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Andy set off again this time with Adrian Donnelly who is to attempt his own Paddy just in just three weeks time. It was now just gone midnight, with the long climb up through the Dinorwig Slat Quarries, the blue sky’s much darker now, but it never felt really dark, the stars where out and giant sized moon lightened the sky, almost making head touches unnecessary, the only clouds that could be seen where well below runners, filling the valley of Nant Gwynant to their right, unfortunately Andy’s stomach problems continued, more time was been lost as they headed over the Glyders, even though they still picked up their second extra summit of Castell y Gwynt.

 

Pauline managed to catch just a couple of hours sleep before setting up the next road side check point at Ogwin Cottage, there she met Dave Hindley from Cheshire Hill Runners another runner preparing for his own Paddy Buckley in just a few weeks time and Lawrie Jones from Wrekin Orienteer’s a regular supporter of long distance adventures, they were going to pace Andy over the Carneddau, there were six peaks that needed ticking off here, but with the possibility of 4 or even 7 extra peaks, Dave Nicholls was going out again for the third time with extra supplies.

 

Meantime Adrian and Andy tried to push on, hoping that by some miracle Andy’s stomach problems would go away, and the strength would come back into his legs, but minutes was been lost on every section, time gains where slipping into time losses, the road side crew had no idea what was going on, flashing lights could be seen on the side of Tryfan, but what appeared to be coming down, then appeared to be going up, then disappeared all together, day light started to break, the rock faces around Devils Kitchen and Y Garn light by an alpine glow, eyes peered anxiously up towards Tryfan, then back down at watches, calculations where made on how much time could be lost, and how many of the extra peaks would have to be missed

 

Eventually the runners were spotted, slowly coming down the western gully of Tryfan, it was almost painful to watch, we could tell there must be something wrong, Adrian could be seen waiting, Andy seemed to be turning round and lowering himself down slowly almost crawling, a rescue party was sent off fearing the worst, he must be hurt

 

Andy arrived in Ogwin at  about 5:15, an hour later than scheduled, nearly 2 hours later than expected, no injuries, just very tired, Adrian’s report on Andy’s mood did not bode well, he slumped in the chain in the little car park by the youth hostel, Pen yr Ole Wen must have looked twice its normal size, I don’t think he really wanted to go on, maybe another day, but Pauline had been here before, it was pep talk time, and a little cajoling, and three anxious pacers ready to go Andy took the hardest step of all, the first one out of the chair, off he set up one of the steepest slops in Snowdonia, we watched him every step of the way from our road side vantage point, for just over an hour before he disappeared from view.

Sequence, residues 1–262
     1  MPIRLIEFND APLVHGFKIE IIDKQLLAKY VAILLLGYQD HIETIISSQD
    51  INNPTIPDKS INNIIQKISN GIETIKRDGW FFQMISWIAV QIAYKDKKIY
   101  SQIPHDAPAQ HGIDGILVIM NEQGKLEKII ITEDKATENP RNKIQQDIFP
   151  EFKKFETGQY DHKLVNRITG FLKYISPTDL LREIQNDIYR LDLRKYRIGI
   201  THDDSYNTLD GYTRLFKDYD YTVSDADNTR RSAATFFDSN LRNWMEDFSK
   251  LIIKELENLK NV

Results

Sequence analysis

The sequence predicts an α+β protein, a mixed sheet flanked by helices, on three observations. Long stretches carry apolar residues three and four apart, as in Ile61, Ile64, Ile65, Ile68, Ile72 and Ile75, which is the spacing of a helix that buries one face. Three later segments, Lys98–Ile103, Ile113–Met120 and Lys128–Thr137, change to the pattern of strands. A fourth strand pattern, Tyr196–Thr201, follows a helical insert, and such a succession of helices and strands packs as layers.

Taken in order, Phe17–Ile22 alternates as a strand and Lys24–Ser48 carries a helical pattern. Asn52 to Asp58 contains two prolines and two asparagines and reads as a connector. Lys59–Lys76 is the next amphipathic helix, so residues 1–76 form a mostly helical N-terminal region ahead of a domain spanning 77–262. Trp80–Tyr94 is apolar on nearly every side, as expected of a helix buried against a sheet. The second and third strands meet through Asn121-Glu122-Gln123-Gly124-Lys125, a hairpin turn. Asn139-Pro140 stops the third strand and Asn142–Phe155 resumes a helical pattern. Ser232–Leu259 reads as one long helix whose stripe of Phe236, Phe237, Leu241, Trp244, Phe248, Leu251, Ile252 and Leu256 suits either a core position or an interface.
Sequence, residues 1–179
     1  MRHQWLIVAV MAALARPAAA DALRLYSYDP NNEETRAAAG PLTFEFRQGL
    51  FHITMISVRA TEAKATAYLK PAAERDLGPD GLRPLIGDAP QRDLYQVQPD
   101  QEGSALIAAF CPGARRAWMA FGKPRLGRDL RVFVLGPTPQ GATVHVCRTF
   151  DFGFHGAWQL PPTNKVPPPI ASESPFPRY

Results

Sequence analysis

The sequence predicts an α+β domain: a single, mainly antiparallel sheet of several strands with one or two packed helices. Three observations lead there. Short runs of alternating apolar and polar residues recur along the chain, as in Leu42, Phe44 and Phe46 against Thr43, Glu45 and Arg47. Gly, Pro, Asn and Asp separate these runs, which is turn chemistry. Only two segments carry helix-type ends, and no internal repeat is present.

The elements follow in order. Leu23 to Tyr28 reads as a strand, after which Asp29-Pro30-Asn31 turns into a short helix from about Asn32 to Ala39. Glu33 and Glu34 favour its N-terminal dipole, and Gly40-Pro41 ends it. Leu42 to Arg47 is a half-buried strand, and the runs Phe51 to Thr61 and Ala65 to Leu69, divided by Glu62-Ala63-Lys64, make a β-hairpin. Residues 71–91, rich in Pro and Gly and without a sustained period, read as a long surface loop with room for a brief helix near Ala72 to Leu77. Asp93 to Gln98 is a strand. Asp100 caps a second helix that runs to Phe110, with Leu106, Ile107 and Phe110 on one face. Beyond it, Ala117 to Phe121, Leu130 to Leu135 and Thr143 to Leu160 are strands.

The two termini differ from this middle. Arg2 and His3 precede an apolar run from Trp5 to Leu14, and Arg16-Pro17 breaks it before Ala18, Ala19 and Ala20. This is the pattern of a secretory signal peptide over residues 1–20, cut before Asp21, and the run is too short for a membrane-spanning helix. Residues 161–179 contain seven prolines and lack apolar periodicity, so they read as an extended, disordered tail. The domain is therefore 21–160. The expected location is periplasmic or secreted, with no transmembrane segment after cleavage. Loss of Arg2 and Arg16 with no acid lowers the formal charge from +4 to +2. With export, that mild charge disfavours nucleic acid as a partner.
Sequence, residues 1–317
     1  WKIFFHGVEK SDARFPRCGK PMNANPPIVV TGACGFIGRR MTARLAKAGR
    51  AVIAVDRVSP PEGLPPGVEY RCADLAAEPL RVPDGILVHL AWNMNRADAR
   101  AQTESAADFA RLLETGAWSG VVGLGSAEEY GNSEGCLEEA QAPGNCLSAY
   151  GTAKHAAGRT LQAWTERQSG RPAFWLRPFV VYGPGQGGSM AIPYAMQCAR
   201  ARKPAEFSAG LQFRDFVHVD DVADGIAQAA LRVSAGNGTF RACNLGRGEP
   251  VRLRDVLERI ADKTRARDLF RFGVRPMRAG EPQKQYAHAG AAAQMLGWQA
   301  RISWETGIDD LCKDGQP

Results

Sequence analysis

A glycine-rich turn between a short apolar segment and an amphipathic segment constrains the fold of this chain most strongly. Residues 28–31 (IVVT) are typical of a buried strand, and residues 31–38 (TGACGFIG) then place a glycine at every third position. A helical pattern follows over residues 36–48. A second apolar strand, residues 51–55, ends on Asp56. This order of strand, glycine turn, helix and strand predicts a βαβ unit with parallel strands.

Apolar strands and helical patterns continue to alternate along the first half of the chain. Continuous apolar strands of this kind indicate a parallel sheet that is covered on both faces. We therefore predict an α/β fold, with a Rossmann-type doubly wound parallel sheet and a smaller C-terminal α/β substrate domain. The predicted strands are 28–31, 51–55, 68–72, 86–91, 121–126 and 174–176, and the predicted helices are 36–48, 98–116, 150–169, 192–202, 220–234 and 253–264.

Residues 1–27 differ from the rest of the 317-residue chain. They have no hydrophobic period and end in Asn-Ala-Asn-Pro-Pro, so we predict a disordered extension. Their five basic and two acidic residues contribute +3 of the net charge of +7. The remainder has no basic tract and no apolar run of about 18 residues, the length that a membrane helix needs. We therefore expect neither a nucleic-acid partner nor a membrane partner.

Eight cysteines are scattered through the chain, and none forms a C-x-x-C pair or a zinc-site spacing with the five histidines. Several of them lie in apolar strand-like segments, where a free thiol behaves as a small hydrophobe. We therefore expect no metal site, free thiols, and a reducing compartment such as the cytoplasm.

Theoretically it was still on, mathematically a completed Paddy Buckley was still possible, but extra summits and the record were now impossible, to be honest we thought the clock was going to win, we went off to the finish in Capel Curig, it was going to be a very long a anxious wait, Adrian, Pauline and Skelly couldn’t stand it and went for a drive up the road to see if he could spot them on the ridge across Crag  yr Ysfa, I found myself a vantage point looking up at slops of Pen yr Helgi Du and Lithrig, time ticked by, Adrian P & S returned and went in the Café for breakfast unable to see any signs and fearing the worst.

 

Mean while I’m still staring at summits when I notice a lone runner approaching the stile a mile away from the finish, I expected it was one of the support runners, coming back with news but couldn’t tell who, still expecting worst I didn’t get excited, then a moment later I saw Andy with the rest of the crew in tow, just a mile to go and it was still only twenty past 9, I rushed back to not knowing where the rest where, all of a sudden breakfast was abandoned, we were there outside waiting and cheering, he made it with time to spare.

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I’m not sure if Andy thought it was a victory or not, he was a little disappointed to say the least that he’d fallen short of the record round he’d set off to complete, but it was definitely an awesome achievement, one that will be remembered for a long time, and it just goes to show the sort of stuff these long distance runners are made of, well done Andy and all the crew that supported him every step of the way,

 

Keith Richards